Every time I buy something online (rare) they follow up with a “product review.”  Sometimes the request comes before they have fulfilled my order.  Mmmm!  I’m tempted to give them what they just asked for…but I TRY not to be a jerk.  (I will definitely give a review if the high priced and highly hyped product turns out to be a lemon.  How about not selling worthless junk in the first place, ‘eh?  Then I don’t have to give you a bad review!!!)

I can count on two fingers how many times I’ve filled out a review in the last two years.  Yup!  My limit is exactly “ONE REVIEW PER YEAR!”  Sorry, Amazon, I gave at the office!

Copyright 2023 Donald Whelpley


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2 thoughts on “GUEST POST from Don: 5-Star Reviews (and other lies…)

  1. Good one! You provide great information each post.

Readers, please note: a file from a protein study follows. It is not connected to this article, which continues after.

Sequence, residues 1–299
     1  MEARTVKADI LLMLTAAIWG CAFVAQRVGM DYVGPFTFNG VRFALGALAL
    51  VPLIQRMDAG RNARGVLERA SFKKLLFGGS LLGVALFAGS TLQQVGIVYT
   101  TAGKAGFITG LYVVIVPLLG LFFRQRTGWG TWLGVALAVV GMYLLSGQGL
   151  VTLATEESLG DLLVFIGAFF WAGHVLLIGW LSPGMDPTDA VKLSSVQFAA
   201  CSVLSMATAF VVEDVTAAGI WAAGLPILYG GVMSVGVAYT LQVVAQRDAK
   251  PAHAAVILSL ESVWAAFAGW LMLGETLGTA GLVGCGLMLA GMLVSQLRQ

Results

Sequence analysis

It cracks me up when a company asks for a review before I receive the service or product.
    Also, if your hospital or doctor’s office mails you a review that they say is anonymous, do not believe that lie! I worked in a hospital opening those Press Gainey reviews and when someone wrote a bad review,we could just scan the barcode and know exactly who sent it. The hospitals really should be penalized for lying by claiming that the written mail-in reviews are anonymous.

  2. Thanks Dog mom E!
    My wife, too, had noticed the bar code stuff on many “anonymous” review forms…I guess we always have been overly cautious and never sent one back.

    First, the most interesting part of writing is the research. Authenticity comes from there. That’s information.
    Second, A good artist once told me that when he does his art and it does not turn out the way he imagined it…he doesn’t sell it. For him, it is not art if he fails to convey his vision, even if others think it is good enough. A poet friend feels much the same. My hope also is to share my imagination.

    I appreciate your kind words.